Editing and Writing Guide
 Clarity of writing usually follows clarity of thoughts


The Middle East Research Institute (MERI) covers a broad range of topics related to the MENA region. It welcomes contributions that aim to analyse contemporary and historical dynamics and developments in the political, economic and social spheres. MERI places special value on interdisciplinary works that bring together analytical tools and concepts from different fields of the social sciences. Integrity of data, and plausibility, originality and clarity of arguments are the four main criteria for MERI’s publications.

We accept submissions throughout the year. All submissions should be submitted in Word format via email to submissions[at]

The institute accepts for publication research articles, op-eds and policy notes.

Research articles
Research articles are insightful pieces of written work on well-defined research questions. The analysis should be critical and underpinned by rich data and/or scholarly literature. Potential authors should use proper in-text citations and bibliography and/or hyperlinks. The word limit is between 1500 and 1800.
Op-eds are pieces of written work making a strong point about contemporary issues and developments employing vivid language. Accordingly, the author should be stating his main point in the opening paragraphs. Technical jargon should be avoided. The word limit is between 800 and 1000 words maximum.
Policy notes
Policy notes are substantive pieces of written work addressing a well-defined research question. Policy notes have a clear research objective, methodology and structure. Usually, secondary sources are coupled with primary sources such as interviews, archives, or newspapers. They should put forward original and plausible arguments that draw on primary and secondary sources and make use of analytical tools and empirical data. The word is limit is between 3000 and 4000 words maximum.

Before you submit a piece for publication, keep a few things in mind:

  • Firstly, it is advised you visit the MERI website and read our published material in order to have a better idea of the Institute and its work.
  • MERI accepts written work that is submitted exclusively for MERI publications.
  • MERI publications aim to have an impact on policy-making as well as on the literature of social sciences. Accordingly, the Institute’s focus is on problem-solving analysis in different issue areas, such as politics and governance, national security (broadly defined), foreign policy, economy, environment, civil society and culture.
  • Since we aim to be accessible to a variety of readers from diverse disciplines and professions, including academics, policy-makers, journalists and others, it is important that submitted pieces should pay attention to plausibility of arguments, clarity and cohesion of analyses.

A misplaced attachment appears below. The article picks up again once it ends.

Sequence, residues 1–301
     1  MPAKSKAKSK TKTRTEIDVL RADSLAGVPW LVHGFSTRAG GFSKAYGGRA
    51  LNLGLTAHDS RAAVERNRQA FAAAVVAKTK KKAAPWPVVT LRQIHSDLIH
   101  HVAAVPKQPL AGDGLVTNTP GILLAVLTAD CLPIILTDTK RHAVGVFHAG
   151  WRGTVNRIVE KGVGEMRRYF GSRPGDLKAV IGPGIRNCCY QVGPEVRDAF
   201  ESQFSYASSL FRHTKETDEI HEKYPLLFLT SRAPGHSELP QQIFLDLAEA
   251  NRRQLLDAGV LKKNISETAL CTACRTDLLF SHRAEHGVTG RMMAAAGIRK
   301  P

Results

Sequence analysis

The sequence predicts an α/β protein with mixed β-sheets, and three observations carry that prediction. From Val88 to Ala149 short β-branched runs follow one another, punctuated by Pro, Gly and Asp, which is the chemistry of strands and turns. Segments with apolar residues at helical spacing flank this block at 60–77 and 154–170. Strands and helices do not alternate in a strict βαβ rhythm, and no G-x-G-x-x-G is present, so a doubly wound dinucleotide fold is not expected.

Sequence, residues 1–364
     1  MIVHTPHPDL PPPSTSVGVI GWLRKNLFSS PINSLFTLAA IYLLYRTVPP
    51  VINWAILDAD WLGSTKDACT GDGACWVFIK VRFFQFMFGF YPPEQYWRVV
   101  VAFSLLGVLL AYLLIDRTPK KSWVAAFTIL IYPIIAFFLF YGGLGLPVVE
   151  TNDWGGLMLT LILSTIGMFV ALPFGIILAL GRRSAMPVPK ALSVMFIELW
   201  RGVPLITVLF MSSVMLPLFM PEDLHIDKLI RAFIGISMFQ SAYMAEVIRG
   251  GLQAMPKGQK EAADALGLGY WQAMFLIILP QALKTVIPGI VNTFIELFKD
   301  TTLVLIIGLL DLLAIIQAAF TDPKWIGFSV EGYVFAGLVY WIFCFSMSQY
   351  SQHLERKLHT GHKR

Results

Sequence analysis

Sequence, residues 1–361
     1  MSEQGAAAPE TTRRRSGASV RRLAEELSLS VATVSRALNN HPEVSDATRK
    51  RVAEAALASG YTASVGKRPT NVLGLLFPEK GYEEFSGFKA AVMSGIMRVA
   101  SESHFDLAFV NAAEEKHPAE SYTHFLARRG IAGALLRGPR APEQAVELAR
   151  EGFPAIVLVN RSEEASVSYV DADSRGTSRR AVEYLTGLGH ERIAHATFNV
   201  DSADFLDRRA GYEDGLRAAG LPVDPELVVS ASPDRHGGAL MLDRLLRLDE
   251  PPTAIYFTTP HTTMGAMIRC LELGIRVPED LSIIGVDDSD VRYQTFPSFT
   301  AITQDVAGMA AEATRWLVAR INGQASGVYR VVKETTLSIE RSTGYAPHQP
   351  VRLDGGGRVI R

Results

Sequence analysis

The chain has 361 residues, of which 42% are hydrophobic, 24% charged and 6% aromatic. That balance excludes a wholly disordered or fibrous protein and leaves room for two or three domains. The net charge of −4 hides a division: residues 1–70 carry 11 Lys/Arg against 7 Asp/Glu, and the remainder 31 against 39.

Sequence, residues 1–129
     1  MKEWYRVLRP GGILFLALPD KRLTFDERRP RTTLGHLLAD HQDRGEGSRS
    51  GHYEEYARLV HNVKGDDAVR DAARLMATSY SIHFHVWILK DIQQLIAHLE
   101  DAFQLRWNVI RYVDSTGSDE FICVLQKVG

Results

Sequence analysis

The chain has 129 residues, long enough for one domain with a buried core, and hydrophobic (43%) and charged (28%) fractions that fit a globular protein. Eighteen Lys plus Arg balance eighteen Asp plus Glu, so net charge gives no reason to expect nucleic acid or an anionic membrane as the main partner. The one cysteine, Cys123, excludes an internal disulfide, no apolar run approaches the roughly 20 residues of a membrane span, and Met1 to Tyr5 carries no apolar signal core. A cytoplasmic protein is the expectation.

• It is imperative that original research or reporting is provided to support ideas, especially in the cases of research articles and policy notes. Be prepared to document what you say. We fact-check everything we publish.

The article should be readable as a standalone piece, even if it draws on a longer piece of work. Avoid any sort of digression that will make it difficult for readers to comprehend.

Writing Style and Language

As a general rule, British English is preferred. However, bearing in mind that a considerable proportion of the target readership may be made up of non-native speakers, use of colloquial British language should also be avoided.


Referencing is imperative to avoid plagiarism. It is a primary task for MERI reviewers to exclude any possibility for publication of plagiarised work. In case that any written piece is found to be the product of plagiarism, the author will be promptly informed and the article immediately discarded. In addition, no further articles by the same author will be considered for future publication.

For articles and reports that use citations, MERI uses the APA Referencing Guide 6th Edition. Further details on the Referencing Guide can be found here and authors can also use hyperlinks.


Once a research article, op-ed, blog post or policy note is submitted for publication, it goes through the following review procedure:

Stage I
Initially, the submitted piece is read by two anonymous reviewers who make extensive and critical comments. After the initial reading, the comments are then passed on to the Main Editor.
Stage II
Based on the reviewer’s comments, the Main Editor then decides whether the piece should either be published or rejected, or sent back to the author for further revisions.
Stage III
If revisions are suggested, the Main Editor will ask the author to make the relevant revisions and amendments in light of the comments made by the anonymous reviewers, including the Main Editor’s.
Stage IV
Once revisions are made, the piece is then reviewed for a second time.
Stage V
The reviewer’s comments are passed on to the Main Editor who then takes the final decision on publication